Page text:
Let's start with a little park trivia. Where in the national park system will you be able to view materials illustrating the vision and legacy of Walt Disney? No, I promise this isn't a trick question. Here's a hint, it's at the same park where you can go to stand in front of a sculpture of Yoda and reflect about galaxies far, far away. Honestly, this is a real place in the parks, in fact, it is inside the second most visited park unit in the country. OK, last clue, this park is currently accepting Requests for Proposals to build a public museum to display the private collection of contemporary art belonging to Doris and Donald Fisher, the co-founders of The Gap. If you haven't guessed yet, take some time and play a round of golf, maybe the answer will come to you.
If your answer is the Presidio, you nailed it. Located at San Francisco's Golden Gate National Recreation Area, the Presidio is a former Army base that was transfered to the National Park Service when the base closed in 1994. Quite a gift. The trouble is, the yearly maintenance bill for the 469 historic buildings is far more than Congress has given the park to spend. The solution from Washington was to make the Presidio the first park in the system to operate self-sufficiently. If it isn't turning a profit by the year 2013, the entire base could be turned over to developers.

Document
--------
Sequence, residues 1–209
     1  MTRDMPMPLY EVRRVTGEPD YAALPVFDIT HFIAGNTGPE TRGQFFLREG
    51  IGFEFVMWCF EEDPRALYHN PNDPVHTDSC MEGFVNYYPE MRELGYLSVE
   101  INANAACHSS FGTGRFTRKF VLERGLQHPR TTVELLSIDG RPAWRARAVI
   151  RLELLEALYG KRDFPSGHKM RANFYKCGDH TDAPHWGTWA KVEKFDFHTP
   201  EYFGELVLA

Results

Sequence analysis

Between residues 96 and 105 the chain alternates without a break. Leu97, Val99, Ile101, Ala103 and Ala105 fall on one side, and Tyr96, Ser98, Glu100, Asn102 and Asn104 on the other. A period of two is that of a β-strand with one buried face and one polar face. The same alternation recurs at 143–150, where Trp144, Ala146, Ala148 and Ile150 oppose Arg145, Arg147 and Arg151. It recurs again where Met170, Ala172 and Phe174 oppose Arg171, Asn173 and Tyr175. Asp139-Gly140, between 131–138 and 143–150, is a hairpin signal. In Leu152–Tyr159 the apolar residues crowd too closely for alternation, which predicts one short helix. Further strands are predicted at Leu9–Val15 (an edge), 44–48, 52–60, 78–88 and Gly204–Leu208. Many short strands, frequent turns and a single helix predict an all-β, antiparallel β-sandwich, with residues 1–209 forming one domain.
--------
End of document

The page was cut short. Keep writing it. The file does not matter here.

Earlier this week, I wrote a summary of the Presidio story for the Frommers.com daily newsletter. The story, "Trading Spaces: The Park Service Turns Over the Presidio to Private Parties", covers some of the costs and consequences of the operations game in the park. The article provides a "backgrounder" of sorts of how privatization entered the picture at the Golden Gate NRA.
At the end of the Frommer's article, I suggest that if the money-making plans at the Presidio succeed, it wouldn't be hard to imagine similar plans being created for other historic structures in park units around the country. What I didn't mention in the article, is that a similar type of development plan is under way on the other side of the country in New Jersey, at Fort Hancock in the Gateway National Recreation Area.
Things haven't been going as well for the private developer at Fort Hancock. Nearby residents are fighting tooth-and-nail to stop the development inside their park. Plus, the developer has munged things up so badly, that now the Inspector General is looking into the 60 year lease agreement signed with the NPS. Congressman Frank Pallone described the entire lease and development process as a debacle.
Longterm lease agreements for private developers? A Walt Disney museum? Managing the park for profit? Little public accountability? These places feel less and less like they are operated in the best interest of either the public or the parks.